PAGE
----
Magician's Elephant
by DiCamillo, Kate; Tanaka, Yoko (ILT)






When ten-year-old orphan Peter Augustus Duchene encounters a fortune teller in the marketplace one day and she tells him that his sister, who is presumed dead, is in fact alive, he embarks on a remarkable series of adventures as he desperately tries to find her.





Kate DiCamillo is the author of THE TALE OF DESPEREAUX, which was awarded the Newbery Medal; THE MIRACULOUS JOURNEY OF EDWARD TULANE, winner of a Boston Globe-Horn Book Award; BECAUSE OF WINN-DIXIE, a Newbery Honor winner; THE TIGER RISING, a National Book Award Finalist; the picture book GREAT JOY; and five books starring Mercy Watson, including a Theodor Seuss Geisel Honor Book. She lives in Minneapolis.

Yoko Tanaka is a graduate of the Art Center College in Pasadena, California. She is the illustrator of THEODOSIA AND THE SERPENTS OF CHAOS by R. L. LaFevers, and SPARROW GIRL by Sara Pennypacker. Yoko Tanaka lives in Los Angeles and Bangkok.





*Starred Review* From the unexpectedly miraculous feats of a two-bit illusionist to the transformative powers of love, forgiveness, and a good mutton stew, there is much magic afoot in this fablelike tale from the author of the Newbery-winning Tale of Despereaux (2003). In DiCamillo's fifth novel, a young orphan named Peter Augustus Duchene suspects that the sibling he long thought dead is actually alive. Peter seeks out the services of a fortune-teller, who informs him that his younger sister, Adele, lives and-even more astoundingly-that an elephant will lead him to her. The winter-worn city of Baltese seems the last place Peter could expect to find such an exotic creature, but that very night a magician performing at the local opera house conjures one out of thin air, a wondrous but cataclysmic event that proves to have dire consequences. When the displaced elephant is put on public display, Peter is so stirred by her obvious suffering that he is compelled to risk the one chance he has of finding Adele to set things right. Although the novel explores many of the same weighty issues as DiCamillo's previous works, characters here face even more difficult hurdles, including the loss of loved ones, physical disabilities, and the cost of choices made out of desperation and fear. The profound and deeply affecting emotions at work in the story are buoyed up by the tale's succinct, lyrical text; gentle touches of humor; and uplifting message of redemption, hope, and the interminable power of asking, What if? Tanaka's charming black-and-white acrylic illustrations have a soft, period feel that perfectly matches the tone of this spellbinding story. Copyright 2009 Booklist Reviews.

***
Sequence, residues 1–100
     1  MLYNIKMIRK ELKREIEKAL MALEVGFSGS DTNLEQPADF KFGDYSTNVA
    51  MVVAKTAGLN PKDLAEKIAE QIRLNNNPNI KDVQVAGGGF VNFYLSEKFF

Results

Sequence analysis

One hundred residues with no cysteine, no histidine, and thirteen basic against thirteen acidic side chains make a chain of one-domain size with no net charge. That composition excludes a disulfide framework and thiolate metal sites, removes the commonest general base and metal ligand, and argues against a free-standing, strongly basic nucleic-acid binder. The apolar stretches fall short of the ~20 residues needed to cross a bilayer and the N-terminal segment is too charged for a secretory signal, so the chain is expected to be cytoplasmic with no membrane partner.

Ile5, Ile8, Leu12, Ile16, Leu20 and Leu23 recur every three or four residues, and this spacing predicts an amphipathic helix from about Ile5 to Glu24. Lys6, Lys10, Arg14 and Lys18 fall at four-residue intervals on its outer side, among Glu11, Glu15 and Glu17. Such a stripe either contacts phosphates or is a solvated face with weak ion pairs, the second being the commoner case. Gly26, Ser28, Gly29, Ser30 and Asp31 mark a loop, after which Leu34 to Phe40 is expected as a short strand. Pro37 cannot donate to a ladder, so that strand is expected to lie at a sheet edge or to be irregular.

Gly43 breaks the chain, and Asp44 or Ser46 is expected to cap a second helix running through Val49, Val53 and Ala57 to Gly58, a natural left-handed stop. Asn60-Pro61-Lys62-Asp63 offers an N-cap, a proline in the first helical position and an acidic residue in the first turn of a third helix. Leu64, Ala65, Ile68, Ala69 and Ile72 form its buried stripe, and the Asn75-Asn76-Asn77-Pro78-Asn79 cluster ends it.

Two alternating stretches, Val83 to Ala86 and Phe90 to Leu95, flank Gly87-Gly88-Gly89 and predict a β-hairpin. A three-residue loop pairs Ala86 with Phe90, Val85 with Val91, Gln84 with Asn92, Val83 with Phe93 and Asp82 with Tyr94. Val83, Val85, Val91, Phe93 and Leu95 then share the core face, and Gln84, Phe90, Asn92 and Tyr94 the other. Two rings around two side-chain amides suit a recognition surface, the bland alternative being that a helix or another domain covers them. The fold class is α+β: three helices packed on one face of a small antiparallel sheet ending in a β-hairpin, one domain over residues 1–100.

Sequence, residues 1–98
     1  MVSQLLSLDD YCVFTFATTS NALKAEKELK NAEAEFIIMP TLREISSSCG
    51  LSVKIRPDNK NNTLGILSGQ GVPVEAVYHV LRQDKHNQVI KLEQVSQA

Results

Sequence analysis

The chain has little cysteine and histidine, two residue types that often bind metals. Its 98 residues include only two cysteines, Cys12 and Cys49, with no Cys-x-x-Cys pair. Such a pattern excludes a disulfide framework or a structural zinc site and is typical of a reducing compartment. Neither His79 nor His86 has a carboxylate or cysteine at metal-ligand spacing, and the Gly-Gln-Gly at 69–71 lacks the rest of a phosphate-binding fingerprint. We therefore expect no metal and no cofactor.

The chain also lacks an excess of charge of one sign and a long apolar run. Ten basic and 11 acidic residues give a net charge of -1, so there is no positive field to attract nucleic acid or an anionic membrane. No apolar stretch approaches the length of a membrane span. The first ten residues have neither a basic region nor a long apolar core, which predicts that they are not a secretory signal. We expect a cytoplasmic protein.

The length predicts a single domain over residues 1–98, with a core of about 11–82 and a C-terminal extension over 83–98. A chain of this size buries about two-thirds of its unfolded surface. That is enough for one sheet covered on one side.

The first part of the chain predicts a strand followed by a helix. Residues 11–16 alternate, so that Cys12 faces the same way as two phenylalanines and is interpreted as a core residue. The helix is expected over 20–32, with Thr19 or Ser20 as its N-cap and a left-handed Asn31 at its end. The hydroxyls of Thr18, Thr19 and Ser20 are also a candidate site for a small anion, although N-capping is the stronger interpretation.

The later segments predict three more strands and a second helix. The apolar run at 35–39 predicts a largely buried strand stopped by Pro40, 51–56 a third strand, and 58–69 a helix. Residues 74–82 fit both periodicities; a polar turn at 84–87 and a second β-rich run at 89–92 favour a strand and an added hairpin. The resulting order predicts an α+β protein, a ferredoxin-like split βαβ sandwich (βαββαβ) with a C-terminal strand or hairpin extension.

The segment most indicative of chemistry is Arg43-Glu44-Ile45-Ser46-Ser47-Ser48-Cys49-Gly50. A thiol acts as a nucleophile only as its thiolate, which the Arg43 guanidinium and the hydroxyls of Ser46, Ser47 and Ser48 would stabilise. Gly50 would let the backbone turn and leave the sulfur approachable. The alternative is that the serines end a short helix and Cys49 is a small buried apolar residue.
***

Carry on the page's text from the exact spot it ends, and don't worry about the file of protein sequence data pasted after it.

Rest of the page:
Ten-year-old Peter Augustus Duchene goes to the market for fish and bread but spends it at the fortuneteller's tent instead. Seeking his long-lost sister, Peter is told, "You must follow the elephant. She will lead you there." And that very night at the Bliffenendorf Opera House, a magician's spell goes awry, conjuring an elephant that crashes through the ceiling and lands on Madam Bettine LaVaughn. Reading like a fable told long ago, with rich language that begs to be read aloud, this is a magical story about hope and love, loss and home, and of questioning the world versus accepting it as it is. Brilliant imagery juxtaposes "glowering and resentful" gargoyles and snow, stars and the glowing earth, and Tanaka's illustrations (not all seen) bring to life the city and characters from "the end of the century before last." A quieter volume than The Tale of Despereaux (2003) and The Miraculous Journey of Edward Tulane (2006), this has an equal power to haunt readers long past the final page. (Fantasy. 8-13) Copyright Kirkus 2009 Kirkus/BPI Communications.All rights reserved.





Peter stood in the small patch of light making its sullen way through the open flap of the tent. He let the fortuneteller take his hand. She examined it closely, moving her eyes back and forth and back and forth, as if there a whole host of very small words inscribed there, an entire book about Peter Augustus Duchene composed atop his palm.

"Huh," she said at last. She dropped his hand and squinted up at his face. "But, of course, you are just a boy."

"I am ten years old," said Peter. He took the hat from his head and stood as straight and tall as he was able. "And I am training to become a soldier, brave and true. But it does not matter how old I am. You took the florit, so now you must give me my answer."

"A soldier brave and true?" said the fortuneteller. She laughed and spat on the ground. "Very well, soldier brave and true, if you say it is so, then it is so. Ask me your question."

Peter felt a small stab of fear. What if after all this time he could not bear the truth? What if he did not really want to know?

"Speak," said the fortuneteller. "Ask."

"My parents," said Peter.

"That is your question?" said the fortuneteller. "They are dead."

Peter's hands trembled. "That is not my question," he said. "I know that already. You must tell me something that I do not know. You must tell me of another - you must tell me . . ."

The fortuneteller narrowed her eyes. "Ah," she said. "Her? Your sister? That is your question? Very well. She lives."

Peter's heart seized upon the words. She lives. She lives!

"No, please," said Peter. He closed his eyes. He concentrated. "If she lives, then I must find her, so my question is, how I do I make my way there, to where she is?"

He kept his eyes closed; he waited.

"The elephant," said the fortuneteller.

"What?" he said. He opened his eyes, certain that he had misunderstood.

"You must follow the elephant," said the fortuneteller, "she will lead you there."






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